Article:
Sunday, August 2, 2015

Christian Ethics in a Secular Environment

Can Christian ethics and a secular environment be reconciled? Here are some thoughts on the meaning of the “law” within Christianity and how it applies to Social Work ethics or even life in general.

Imagine that you see a sheep in a field. You see the sheep and exclaim “ah, there is a sheep in that field”. However, unbeknown to you, the sheep that you thought you saw was actually a rock in the shape of a sheep; and behind the rock in the shape of a sheep, there was actually a sheep.
-      Did you know that there was a sheep in the field?
-      Were you correct that there was a sheep in the field?
The statement was technically correct that there was a sheep in the field, but what you had in mind was incorrect.
Epistemology is the study of “how you know that you know things” and applies to ethics as much as anything else. As the sheep in the field scenario illustrates, knowledge is largely subjective, meaning that it is from our personal perspective.

Ethics and Social Work
Ethics in Social Work likewise are also subject to interpretation. Not every person will see all aspects of a given situation before them.
For example:
What does it mean to act in the client’s best interests? We may have a vague understanding of what it means, but how that is perceived and outworked varies greatly. This is largely due to our own interpretations.

Context plays a huge role in determining which ethical action to take. Depending on the context, what may seem in the client’s best interests may require an action that will vary from case to case. This calls for humility when working in these situations. We will never have all the knowledge in a given context. We may think we do at times, but one must remember that knowledge is largely from our perspective, even if we may think it is “common sense”… Knowledge is heavily influenced by our cultural background and life experiences. You can say that you believe there is a sheep in the field, but in actual fact, because of our fallible natures and limited knowledge, we should be aware that we could be very wrong.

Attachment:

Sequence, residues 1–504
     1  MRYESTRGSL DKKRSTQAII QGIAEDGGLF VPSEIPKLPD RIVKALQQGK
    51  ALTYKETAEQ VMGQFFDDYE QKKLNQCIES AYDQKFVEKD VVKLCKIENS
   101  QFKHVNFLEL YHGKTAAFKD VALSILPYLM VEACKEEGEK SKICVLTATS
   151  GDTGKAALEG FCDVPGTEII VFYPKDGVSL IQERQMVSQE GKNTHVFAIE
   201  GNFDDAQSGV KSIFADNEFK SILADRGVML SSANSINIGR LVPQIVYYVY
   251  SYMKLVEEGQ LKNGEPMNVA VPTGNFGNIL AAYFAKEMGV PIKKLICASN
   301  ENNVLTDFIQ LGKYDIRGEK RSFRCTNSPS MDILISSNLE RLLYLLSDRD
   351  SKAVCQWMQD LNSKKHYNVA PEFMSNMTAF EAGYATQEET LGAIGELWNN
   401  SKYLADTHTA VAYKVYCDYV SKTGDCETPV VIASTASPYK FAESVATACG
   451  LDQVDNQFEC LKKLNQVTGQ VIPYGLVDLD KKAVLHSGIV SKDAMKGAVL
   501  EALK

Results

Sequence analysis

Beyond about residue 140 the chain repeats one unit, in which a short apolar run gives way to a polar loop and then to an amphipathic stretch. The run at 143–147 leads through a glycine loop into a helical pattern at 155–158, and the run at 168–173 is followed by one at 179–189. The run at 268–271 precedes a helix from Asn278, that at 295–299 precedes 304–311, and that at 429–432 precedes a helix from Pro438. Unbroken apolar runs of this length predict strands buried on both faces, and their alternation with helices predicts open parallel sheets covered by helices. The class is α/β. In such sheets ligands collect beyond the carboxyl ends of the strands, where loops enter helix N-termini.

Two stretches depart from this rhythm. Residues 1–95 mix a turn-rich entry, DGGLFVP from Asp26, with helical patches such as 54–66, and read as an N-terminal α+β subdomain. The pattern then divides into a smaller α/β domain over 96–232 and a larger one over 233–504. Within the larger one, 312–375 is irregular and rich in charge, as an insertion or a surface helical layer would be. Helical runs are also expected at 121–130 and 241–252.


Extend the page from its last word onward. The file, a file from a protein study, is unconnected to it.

Depending on how much we can see of a given scenario or even how we see it from our perspective, no universal ethic will necessarily look the same. We may have a general understanding of what to do, just like we have a general understanding that there was a sheep in the field, but we are ultimately limited in our knowledge.

Even worse than working with a lack of knowledge, ethical practice may even directly conflict with itself. What if you thought you were looking at a sheep in the field and your client or colleague saw a rock in the shape of sheep? Both are looking at the same scenario. Who says who is right?

The Duck/Rabbit picture is a great example. Some people see a rabbit and some people see a duck. Both appear equally correct from each perspective. In an ethical dilemma one must be chosen and each choice with its own consequences.     
So how do we decipher what any particular ethic practically looks like when working with clients?  

Human rights v Moral rights.